It’s simple: Join the ranks of the “Web 3.14159…” community! We condemn the lax usage of the term “Web 2.0”. We despise the use of unnecessary tools for a job. We hate websites that demand more processing power and bandwidth than the whole LHC. We are on a parody crusade!
There is an easy test to find out whether you might need to join the “Web 3.14159...” community. If you think “I agree” about more than three of these statements, you should definitely sign up. Metaphorically speaking.
Google might say “Don’t be evil”, but they are just as profit-oriented as every company. I would not trust them with all my data and I think that people who embrace the idea of using Google products for everything should think twice. Better thrice.
Webmasters who use Flash for a simple website navigation without offering any alternatives should be shown the errors of their ways by forcing them to use Lynx on a 80x25 console for a week.
Whoso locketh out users of alternative browsers by checking for a browser identification shalt be sent back to 1998.
Social network sites are a nice thing, but there is no need for an excessive soul striptease just because I can enter so many things about myself, upload photos of the things I do at parties and add the videos of me doing doing the photos of the things I do at parties. Furthermore, uploading stuff that show other people doing things at parties is a no-no.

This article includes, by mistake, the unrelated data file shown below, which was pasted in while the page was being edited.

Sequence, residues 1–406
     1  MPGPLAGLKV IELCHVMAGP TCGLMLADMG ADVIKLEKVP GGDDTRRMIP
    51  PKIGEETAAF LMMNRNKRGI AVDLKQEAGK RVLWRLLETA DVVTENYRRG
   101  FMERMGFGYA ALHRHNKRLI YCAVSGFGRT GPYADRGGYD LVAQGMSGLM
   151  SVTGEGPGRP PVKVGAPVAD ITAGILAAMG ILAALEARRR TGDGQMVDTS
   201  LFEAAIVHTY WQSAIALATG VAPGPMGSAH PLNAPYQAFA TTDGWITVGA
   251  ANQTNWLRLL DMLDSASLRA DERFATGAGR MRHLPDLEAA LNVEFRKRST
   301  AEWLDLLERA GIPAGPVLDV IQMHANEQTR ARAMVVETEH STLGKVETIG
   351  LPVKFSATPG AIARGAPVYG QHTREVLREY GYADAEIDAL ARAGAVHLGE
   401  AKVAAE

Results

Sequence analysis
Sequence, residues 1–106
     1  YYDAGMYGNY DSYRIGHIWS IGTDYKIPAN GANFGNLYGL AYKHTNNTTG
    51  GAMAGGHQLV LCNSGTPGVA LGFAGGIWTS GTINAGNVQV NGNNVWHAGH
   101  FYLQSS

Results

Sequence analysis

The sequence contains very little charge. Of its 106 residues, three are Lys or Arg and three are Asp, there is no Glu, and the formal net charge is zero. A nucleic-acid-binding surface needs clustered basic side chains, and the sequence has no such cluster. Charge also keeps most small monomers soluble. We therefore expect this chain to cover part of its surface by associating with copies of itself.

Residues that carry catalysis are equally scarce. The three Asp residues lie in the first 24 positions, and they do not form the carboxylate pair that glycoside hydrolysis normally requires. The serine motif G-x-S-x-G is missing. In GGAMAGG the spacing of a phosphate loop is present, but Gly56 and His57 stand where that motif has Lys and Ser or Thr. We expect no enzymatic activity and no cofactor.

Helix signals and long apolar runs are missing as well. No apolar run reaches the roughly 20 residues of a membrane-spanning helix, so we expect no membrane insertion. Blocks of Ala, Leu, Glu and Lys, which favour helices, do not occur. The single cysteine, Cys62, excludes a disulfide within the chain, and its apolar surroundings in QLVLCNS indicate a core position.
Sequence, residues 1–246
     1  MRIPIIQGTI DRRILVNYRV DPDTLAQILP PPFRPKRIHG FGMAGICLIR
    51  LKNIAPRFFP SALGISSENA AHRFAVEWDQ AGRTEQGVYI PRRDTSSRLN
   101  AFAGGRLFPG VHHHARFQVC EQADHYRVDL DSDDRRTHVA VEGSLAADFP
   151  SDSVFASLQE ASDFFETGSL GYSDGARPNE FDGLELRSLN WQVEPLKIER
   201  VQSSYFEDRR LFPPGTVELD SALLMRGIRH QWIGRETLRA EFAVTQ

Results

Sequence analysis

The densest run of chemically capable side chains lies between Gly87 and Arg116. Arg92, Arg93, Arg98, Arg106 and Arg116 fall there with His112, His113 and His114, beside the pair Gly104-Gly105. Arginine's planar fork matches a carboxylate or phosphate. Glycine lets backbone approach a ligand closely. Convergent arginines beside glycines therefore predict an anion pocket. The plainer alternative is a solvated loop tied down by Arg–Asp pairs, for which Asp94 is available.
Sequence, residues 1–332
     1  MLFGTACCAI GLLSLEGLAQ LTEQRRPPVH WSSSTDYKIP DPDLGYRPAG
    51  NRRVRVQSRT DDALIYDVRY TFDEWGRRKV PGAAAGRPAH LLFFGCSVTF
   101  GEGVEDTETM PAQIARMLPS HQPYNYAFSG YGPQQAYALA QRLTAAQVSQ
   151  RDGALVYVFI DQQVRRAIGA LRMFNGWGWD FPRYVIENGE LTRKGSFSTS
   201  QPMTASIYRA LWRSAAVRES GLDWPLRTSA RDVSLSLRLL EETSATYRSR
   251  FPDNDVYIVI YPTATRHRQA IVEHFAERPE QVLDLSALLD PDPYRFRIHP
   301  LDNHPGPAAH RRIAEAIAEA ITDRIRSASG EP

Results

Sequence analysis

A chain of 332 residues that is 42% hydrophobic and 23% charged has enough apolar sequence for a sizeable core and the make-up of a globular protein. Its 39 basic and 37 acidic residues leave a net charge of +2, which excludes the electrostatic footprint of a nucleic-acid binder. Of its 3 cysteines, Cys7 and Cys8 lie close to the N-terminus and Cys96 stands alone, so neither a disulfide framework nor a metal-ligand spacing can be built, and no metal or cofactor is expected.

Loading 5 MiBs just to take a look at a listing of product specifications is a waste of the user’s time.
And thus spoke Zarathustra: “Lo and behold not too much, for content mattereth more than design.”
If I ever see another headline titled “XYZ 2.0” in the media I am going to wreak havoc. We get it: “2.0” refers to a previously unknown and/or vastly expanded concept. Please don’t rub this in our faces every time!
Sure. Since this is a parody site, even websites that are mentioned in the ramblings above may term themselves “Web 3.14149...”-compliant or -ready, thus at least demonstrating some humour. Keep in mind that this is not to be taken seriously.
Great. Just download one of these buttons to show your support. If you do not like these, make your own and sent it to me. It would be my pleasure to establish a gallery of creative designs.
Simply set them up somewhere on your homepage. If you want so, you can link to this page, but it’s also fine if you simply set up your own subdomain and copy this text or write a similar one so that people know what you are talking about.
Please don’t take this too serious. I know that not all websites out there are participating in the hype. I also do not, by any means, want to diminuish the accomplishments of companies who do participate. I am furthermore well aware of good uses for the new technologies that arose during the last few years.
Let me stress this again for the humour-impaired:
This is a parody site, for Pete’s sake. If you do not agree with something you read here, just move on. There are plenty of other websites you could be reading instead.